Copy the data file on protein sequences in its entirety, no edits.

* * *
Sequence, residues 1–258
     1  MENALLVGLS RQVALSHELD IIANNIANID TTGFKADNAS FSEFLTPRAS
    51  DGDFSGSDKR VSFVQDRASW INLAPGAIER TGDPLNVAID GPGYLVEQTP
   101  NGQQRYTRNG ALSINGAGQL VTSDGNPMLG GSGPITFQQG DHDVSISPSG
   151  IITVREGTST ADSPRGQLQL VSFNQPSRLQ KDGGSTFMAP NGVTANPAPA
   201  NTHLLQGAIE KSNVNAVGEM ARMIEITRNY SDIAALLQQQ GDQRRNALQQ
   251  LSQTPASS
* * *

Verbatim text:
Sequence, residues 1–258
     1  MENALLVGLS RQVALSHELD IIANNIANID TTGFKADNAS FSEFLTPRAS
    51  DGDFSGSDKR VSFVQDRASW INLAPGAIER TGDPLNVAID GPGYLVEQTP
   101  NGQQRYTRNG ALSINGAGQL VTSDGNPMLG GSGPITFQQG DHDVSISPSG
   151  IITVREGTST ADSPRGQLQL VSFNQPSRLQ KDGGSTFMAP NGVTANPAPA
   201  NTHLLQGAIE KSNVNAVGEM ARMIEITRNY SDIAALLQQQ GDQRRNALQQ
   251  LSQTPASS